Above and Beyond: Recovery: Bataan
- By Ralph Wetterhahn
- Air & Space magazine, August 2009
(Page 3 of 3)
That night I slept fitfully in my tent with the bones of Sergeant Kurosawa wrapped beside me. Outside, the wind howled while the Aetas crouched behind a boulder, trying to keep candles lit to appease the gods for disturbing the dead.
By sunup, thoroughly chilled and short of water and food, we returned to civilization, bringing with us the sergeant’s remains, to be turned over to Japanese authorities, plus numerous parts found at the Ki-27 site.
On Nasmyth’s patio at Subic Bay that evening, I assembled the Nate remnants. The barrel of one machine gun was curled like a pig’s tail. Its muzzle showed no abrasion, indicating that at impact, it had stuck firmly into the peat. The other gun had a smooth downward bend. Its muzzle showed abrasion, suggesting sliding contact with a boulder. The type of deformation indicated that at impact the barrels had been very hot. The weapon with the upward curl had been mounted on the right side of the engine cowl, the downward-bent weapon on the left. Reverse the positioning of the guns and you’d have to figure they had bent in the direction occupied by the engine block, likely an impossibility. For the guns to bend in opposite directions, the airplane probably was rolling right at impact. During his pull-up, the pilot was trying to align with the ridge. He nearly made it: 87 more feet and he would have cleared it. For the barrels to twist in the fashion they did, the pilot had to have been firing moments before impact. Kurosawa had likely been in a left turn while firing at something—the P-40? Since the machine guns’ empty shells are ejected through a chute, the discovery of the expended 7.7-mm round confirmed firing just prior to impact. Kurosawa then saw either his opponent hit the ridge or the ridge itself. If at that point Kurosawa had completed his firing pass, his nose would have been to the right of Stone’s aircraft when he saw the impact or ridge. In that case, the P-40 should be located slightly left of and lower than the Ki-27 crash site.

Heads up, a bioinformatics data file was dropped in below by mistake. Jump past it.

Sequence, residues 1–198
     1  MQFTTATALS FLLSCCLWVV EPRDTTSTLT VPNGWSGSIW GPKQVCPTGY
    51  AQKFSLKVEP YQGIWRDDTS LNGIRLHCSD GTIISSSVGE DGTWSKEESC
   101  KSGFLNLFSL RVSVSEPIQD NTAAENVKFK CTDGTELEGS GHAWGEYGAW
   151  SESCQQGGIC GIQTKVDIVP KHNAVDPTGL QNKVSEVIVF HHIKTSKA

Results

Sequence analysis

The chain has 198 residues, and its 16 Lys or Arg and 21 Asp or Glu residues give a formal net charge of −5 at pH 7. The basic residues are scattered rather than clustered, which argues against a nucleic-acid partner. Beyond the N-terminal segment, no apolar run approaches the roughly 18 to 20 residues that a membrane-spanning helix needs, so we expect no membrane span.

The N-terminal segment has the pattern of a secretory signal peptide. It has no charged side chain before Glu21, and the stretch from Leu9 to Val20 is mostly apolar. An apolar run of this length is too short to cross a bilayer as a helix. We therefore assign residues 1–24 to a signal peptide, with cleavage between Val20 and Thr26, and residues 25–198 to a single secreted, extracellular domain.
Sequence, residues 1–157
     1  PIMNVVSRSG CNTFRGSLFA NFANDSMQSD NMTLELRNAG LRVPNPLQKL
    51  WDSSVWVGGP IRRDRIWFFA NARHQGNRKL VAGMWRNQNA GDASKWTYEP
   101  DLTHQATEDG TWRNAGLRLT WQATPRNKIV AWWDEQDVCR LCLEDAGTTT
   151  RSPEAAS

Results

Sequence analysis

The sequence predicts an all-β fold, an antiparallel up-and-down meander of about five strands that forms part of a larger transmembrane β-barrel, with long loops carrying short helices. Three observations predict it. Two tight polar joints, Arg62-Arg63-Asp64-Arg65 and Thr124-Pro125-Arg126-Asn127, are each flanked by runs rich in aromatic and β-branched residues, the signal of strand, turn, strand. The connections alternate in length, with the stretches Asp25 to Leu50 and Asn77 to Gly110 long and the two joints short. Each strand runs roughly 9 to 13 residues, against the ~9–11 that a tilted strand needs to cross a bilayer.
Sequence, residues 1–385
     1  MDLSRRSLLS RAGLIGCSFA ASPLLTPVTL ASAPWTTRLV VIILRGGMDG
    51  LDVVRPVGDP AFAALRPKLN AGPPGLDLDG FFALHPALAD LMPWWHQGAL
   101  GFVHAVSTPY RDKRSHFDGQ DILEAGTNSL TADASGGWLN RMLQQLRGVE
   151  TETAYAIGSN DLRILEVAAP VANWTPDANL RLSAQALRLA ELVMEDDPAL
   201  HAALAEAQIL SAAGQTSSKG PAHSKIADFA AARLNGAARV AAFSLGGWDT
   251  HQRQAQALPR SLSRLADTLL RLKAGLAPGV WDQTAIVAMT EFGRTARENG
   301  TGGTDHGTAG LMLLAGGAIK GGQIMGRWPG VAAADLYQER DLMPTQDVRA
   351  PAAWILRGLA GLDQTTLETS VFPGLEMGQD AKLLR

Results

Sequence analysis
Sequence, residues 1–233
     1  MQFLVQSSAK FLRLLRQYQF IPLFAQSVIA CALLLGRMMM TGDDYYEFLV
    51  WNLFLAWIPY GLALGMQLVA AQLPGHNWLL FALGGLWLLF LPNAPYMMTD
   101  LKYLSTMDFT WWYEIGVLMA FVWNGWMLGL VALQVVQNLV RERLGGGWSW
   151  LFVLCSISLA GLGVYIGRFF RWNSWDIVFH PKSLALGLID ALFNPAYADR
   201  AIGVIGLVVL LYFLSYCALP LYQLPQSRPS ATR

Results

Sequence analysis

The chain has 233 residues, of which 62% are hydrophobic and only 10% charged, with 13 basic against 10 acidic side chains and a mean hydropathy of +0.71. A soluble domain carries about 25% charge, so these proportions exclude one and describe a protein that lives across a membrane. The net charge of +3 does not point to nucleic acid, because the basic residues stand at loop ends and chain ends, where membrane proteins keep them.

For decades, more than a dozen teams had looked for the P-40 in the wrong area. But before we could investigate, the rainy season set in.
After the ridge dried, I got an e-mail from Nasmyth dated Feb. 12, 2009:
Ralph, we sent Gary and 6 Aeta tribesmen up the mountain Monday the 9th of Feb, the 67th anniversary of the dogfight. They have found the plane.... I think this has to be Earl Stone’s site, can’t have been too many other planes out there within 400 yards of the confirmed Nate site.
On March 17, the search team and I began a two-day climb and descent on the Mariveles slopes. Some 350 yards beneath and to the left of the Nate wreckage lay the impact crater and debris of the P-40 flown by Earl Stone. We made some test digs, gathered parts to confirm the find, and notified the Joint POW/Missing-in-Action Accounting Command in Hawaii to begin the recovery of his remains.
The author of two books on search expeditions, Ralph Wetterhahn has appeared in numerous documentaries on aircraft archeology.